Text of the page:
How Much Are M.U.S.C.L.E.’s Worth? (II)

Discussing the value of M.U.S.C.L.E. figures with M.U.S.C.L.E. collectors can be incestuous because of the small community. The discussion often uses specific examples of buyers and sellers – which have often been manipulated by those same buyers and sellers.

By looking outside of the M.U.S.C.L.E. collecting community there is an opportunity for advancement and new understanding. Greg Mankiw teaches Economics at Harvard University and has a blog, “Random Observations for Students of Economics.”

On July 28, 2009 he posted a link titled “Why is supply and demand so confusing?” In it he shared his opinion and posted a link to another well-written article by Scott Sumner, a professor of Economics at Bentley University. Sumner said:

It seems to me that there are basically two things we’d like our students to know about S&D (before we get into applications like price controls and taxes):

1. The impact of a supply or demand shift.

2. How to draw inferences from changes in prices and quantity.

I teach at an institution that is well above average, and here is what I have found. Almost every single student comes into EC101 knowing the impact of supply and demand shocks. Tell them a frost hits the Florida orange crop, and they can explain what happens to the price of oranges. Tell them millions of Chinese start buying cars and they can tell you what happens to the price of oil.

I also find that almost no student comes into my class knowing how to interpret price and quantity data. And what is worse, they leave the course equally ignorant. I often ask the following question to upper level econ or MBA students who have already taken principles:

Question: A survey shows that on average 100 people go to the movies when the price is $6 and 300 people go when the price is $9. Does this violate the laws of supply and demand?

Very, very few can answer this question, especially if you ask for an explanation. Even worse, I think there is a perception that there is something ‘tricky’ about this question, something unfair. In fact, it is as easy a question as you could imagine. It’s basic S&D. It’s merely asking students what happens when the demand for movies shifts. I cannot imagine a less tricky question, or a more straightforward application of the laws of supply and demand. In the evening hours the demand for movies shifts right. Price rises. Quantity supplied responds. What’s so hard about that? And yet almost no student can get it right. Our students enter EC101 knowing one of the two things they need to know about S&D, and they leave knowing one of the two things they need to know about S&D. Maybe instead of having them memorize mind-numbing lists of “5 factors that shift supply,” and “5 factors that shift demand,” we should just tell them to read something that will explain what economics is all about, something that portrays economists as detectives trying to solve the identification problem, something like Freakonomics.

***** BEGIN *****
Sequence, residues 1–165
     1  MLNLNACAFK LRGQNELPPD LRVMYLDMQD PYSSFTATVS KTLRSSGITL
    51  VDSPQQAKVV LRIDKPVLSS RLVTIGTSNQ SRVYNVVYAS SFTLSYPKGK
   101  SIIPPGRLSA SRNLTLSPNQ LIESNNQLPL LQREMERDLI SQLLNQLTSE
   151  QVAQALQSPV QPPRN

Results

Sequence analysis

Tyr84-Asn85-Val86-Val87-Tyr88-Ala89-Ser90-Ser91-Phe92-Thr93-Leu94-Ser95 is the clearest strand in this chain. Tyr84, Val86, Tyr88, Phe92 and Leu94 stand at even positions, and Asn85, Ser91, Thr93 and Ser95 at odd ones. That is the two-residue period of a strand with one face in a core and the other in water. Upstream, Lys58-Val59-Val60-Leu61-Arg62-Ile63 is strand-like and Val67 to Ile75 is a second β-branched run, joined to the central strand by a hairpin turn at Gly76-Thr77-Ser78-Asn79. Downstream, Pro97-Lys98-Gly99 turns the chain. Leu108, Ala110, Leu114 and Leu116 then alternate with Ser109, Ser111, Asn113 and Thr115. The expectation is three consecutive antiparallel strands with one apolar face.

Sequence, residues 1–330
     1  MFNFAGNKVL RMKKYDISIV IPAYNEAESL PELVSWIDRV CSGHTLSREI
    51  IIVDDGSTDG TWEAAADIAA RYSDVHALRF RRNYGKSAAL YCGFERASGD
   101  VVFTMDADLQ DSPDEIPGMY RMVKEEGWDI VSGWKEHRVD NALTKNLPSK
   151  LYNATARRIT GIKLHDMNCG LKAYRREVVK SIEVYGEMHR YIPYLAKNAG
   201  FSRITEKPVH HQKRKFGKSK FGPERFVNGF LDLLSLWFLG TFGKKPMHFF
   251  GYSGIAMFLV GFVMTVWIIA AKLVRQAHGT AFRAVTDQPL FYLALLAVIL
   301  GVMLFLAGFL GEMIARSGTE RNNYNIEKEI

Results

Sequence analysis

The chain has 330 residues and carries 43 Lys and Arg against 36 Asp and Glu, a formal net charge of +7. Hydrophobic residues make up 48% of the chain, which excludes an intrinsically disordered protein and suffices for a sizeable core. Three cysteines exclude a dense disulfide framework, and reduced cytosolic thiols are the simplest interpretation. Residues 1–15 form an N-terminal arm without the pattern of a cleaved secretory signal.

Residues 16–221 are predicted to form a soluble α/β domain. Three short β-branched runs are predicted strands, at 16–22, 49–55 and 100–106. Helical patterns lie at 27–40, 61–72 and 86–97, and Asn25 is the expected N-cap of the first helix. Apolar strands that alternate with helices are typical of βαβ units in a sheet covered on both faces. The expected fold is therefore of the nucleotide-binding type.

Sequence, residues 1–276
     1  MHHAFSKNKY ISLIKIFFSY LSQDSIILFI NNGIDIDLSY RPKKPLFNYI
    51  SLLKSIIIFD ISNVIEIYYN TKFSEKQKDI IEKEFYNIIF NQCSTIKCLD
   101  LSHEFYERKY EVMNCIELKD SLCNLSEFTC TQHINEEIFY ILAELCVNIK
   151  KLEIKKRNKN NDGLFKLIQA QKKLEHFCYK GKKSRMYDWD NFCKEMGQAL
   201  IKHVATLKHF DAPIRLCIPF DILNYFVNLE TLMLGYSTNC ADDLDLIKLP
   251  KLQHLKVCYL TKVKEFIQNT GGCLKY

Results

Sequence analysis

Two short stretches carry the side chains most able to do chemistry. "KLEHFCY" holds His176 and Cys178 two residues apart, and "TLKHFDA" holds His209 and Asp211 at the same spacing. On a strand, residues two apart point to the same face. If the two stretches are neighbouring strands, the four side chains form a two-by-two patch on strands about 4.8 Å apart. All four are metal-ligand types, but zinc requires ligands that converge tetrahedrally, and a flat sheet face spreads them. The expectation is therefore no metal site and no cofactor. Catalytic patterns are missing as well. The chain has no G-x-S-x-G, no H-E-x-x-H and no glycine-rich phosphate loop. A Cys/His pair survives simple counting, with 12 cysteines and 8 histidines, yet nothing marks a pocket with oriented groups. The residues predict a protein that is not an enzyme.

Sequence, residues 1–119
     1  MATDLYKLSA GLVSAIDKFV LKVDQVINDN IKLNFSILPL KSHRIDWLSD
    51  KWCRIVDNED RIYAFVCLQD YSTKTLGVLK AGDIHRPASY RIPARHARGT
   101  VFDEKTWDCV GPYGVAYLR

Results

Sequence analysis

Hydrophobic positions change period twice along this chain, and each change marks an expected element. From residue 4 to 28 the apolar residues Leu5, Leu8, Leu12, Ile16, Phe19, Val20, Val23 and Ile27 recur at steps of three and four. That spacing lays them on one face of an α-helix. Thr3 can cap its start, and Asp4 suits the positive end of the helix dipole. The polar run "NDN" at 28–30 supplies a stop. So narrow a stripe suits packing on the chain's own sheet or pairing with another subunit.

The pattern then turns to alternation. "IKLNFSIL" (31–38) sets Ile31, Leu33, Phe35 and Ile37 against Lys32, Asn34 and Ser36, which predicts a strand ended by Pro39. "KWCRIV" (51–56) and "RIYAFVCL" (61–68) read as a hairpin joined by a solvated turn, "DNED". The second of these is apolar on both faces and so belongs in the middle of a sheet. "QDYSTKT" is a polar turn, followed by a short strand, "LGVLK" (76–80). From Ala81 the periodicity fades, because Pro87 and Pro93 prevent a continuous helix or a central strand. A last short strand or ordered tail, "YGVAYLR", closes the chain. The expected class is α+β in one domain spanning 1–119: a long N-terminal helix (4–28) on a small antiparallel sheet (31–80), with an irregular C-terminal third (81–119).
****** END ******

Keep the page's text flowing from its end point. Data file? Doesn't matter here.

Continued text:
If there are any other economics instructors out there I’d like to know what you think. I really don’t think we need to teach students what happens when frost hits the Florida orange crop. Perhaps we should just put supply and demand into an appendix and tell them to study it if they need to. Instead devote 100% of chapter 4 to the identification problem. Leave all the technical stuff for students majoring in economics to take in their intermediate level courses. Or maybe the identification problem is too hard, and we should simply forget about teaching supply and demand. Devote the whole course to opportunity costs, incentives, marginal analysis, etc.

Perhaps M.U.S.C.L.E. collectors have also been too focused on supply and demand or to reliant on their own personal knowledge. The University of M.U.S.C.L.E. will certainly continue to address issues related to the value of M.U.S.C.L.E. items in both the M.U.S.C.L.E. Figure Guide and courses like Philosophy 300.

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